The Big Bang 2.0

Under Margaret Thatcher’s government in the mid 1980s, the City of London underwent a wave of financial deregulation, including the abolition of fixed commission charges and the movement to an entirely electronic system of share trading. 35 years later, in early 2021, a report conducted by Lord Jonathan Hill and commissioned by the UK Chancellor Rishi Sunak, was released calling for a ‘Big Bang 2.0’. Coinciding with the 2020 budget, the report argued for deregulation in a number of sectors within the UK financial services industry; with the aim of maintaining the City’s competitive advantage and softening the blow of reduced access to European markets.  Rishi Sunak added that we should focus on “opportunities rather than threats [by the European Union]” in the post-Brexit City of London. Deregulation inherently encompasses the risk of excess deregulation; as evidenced by the 2008 financial crisis, the impacts can be severe. Accordingly, any UK deregulatory proposals must be balanced, supported by data, and ensure the maintenance of sufficient regulatory oversight.

The UK financial services industry is clearly invested in the UK-EU relationship and the agreements made both during and after the Brexit process; the departure from the EU has already cost the UK 6 billion EUR worth of daily trading volumes and an estimated 5000-7000 jobs in the financial sector, as predicted by the governor of the Bank of England, Andrew Bailey. The Mayor of London, Sadiq Khan, has called for greater clarity and for the chancellor to “address the concerns of London’s financial and professional services sector” including impetus to sign an equivalence agreement as soon as possible. In response to this increased pressure, Sunak commissioned the report and has expressed plans to advance with the proposed deregulation.

This deregulation is predicted to come in three forms. Firstly, Sunak wants to reduce European regulation concerning the amount of capital reserves banks and insurance firms must hold, thus freeing up more of the firms’ liquid reserves and increasing activity in London’s financial markets. The second proposal is to make the London Stock Exchange a more attractive place. Throughout 2020 and into 2021, the latest trend gripping the world’s financial markets has been the rise of Special Purpose Acquisition Companies (SPACs). The vast majority of these SPACs, however, have listed on stock exchanges located in New York, generally the NASDAQ or New York Stock Exchange (NYSE). The report’s proposals include deregulation that will make SPAC listings easier within London, potentially helping to capture some of the US’s SPAC market share. Beyond the increased capital and liquidity this could offer to the London Stock Exchange, benefits would also be likely to accrue to the wider UK financial service industry – through increased demand for services from law firms, financial advisors and due diligence providers, for example.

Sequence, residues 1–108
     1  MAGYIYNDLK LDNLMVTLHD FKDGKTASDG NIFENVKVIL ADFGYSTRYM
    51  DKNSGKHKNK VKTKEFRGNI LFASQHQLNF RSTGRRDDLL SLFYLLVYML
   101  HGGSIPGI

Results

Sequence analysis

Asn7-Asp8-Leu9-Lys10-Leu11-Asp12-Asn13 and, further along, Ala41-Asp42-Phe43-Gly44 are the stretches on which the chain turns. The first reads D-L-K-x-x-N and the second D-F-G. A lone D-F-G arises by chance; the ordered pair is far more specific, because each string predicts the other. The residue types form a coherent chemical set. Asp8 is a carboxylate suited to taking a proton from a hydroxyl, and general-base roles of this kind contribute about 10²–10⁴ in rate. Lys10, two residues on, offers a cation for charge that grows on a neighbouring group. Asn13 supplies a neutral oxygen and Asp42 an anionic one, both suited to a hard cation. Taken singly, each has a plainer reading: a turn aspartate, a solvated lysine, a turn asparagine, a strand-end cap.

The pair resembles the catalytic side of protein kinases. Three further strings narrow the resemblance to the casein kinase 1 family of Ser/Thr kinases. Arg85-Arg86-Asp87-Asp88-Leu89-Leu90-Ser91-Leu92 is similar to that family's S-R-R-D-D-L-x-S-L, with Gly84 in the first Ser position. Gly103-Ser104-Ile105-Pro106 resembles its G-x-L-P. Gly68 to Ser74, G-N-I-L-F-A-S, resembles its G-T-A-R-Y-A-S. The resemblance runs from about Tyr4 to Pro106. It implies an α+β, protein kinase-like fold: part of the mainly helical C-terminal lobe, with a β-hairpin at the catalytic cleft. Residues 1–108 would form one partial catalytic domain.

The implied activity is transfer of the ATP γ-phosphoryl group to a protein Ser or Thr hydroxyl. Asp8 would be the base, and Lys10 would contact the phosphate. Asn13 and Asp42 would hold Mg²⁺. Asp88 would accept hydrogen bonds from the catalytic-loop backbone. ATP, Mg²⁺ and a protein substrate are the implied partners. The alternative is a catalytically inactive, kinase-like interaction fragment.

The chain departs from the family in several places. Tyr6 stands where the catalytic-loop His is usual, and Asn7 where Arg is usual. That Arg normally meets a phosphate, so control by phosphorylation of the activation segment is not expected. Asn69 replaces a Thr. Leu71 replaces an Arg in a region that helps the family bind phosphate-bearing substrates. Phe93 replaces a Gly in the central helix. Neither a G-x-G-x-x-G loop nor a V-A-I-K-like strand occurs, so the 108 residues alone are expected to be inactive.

The final proposal includes a number of deregulatory methods to appeal to Fintech companies, with the intention to attract companies to enter UK markets and eventually list within London. The UK is already a leader in the Fintech industry, with companies such as digital bank Monzo (with a 1.2 billion GBP valuation) and payment processor Checkout (valued at over 11 billion GBP), headquartered in the UK. The London Stock Exchange’s March 2021 confirmation that food delivery firm Deliveroo is set to undertake an IPO, rumoured to be targeting a 7 billion GBP valuation, in London evidences the UK’s attractiveness. Further deregulation is hoped to encourage similar transactions.

In an interview with City A.M., the Chancellor, a Brexiteer and Thatcherite, admired the history of the City of London; specifically how it has constantly, and successfully, innovated to maintain its competitive advantage. Rishi Sunak believes the proposed deregulation will be a key factor in the future. He also seeks an active role for the Treasury and businesses within the City in this latest set of innovations. Whether the Chancellor of the Exchequer’s optimism regarding the future of the UK’s financial services industry is valid looks set to be realised over the coming years.

The news of the financial ‘Big Bang 2.0’ has provided a boost in confidence that London will remain the pre-eminent European financial hub. However, the deregulation in the UK at the end of the 20th century and its parallels in the USA under the Clinton administration are often cited as the foundations upon which the financial crisis of 2007/08 was built. Accordingly, regulators must ensure that they balance deregulation designed to induce innovation and boost UK capital markets with sufficient regulatory oversight. If successful, London may be able to maintain its regional dominance and better compete with the likes of New York, Hong Kong and Shanghai. However, as evidenced by deregulation preceding the 2008 crisis, the consequences can be severe and long-lasting if the right balance is not met.

By Andrew Hopkins

Sector Head: James Float

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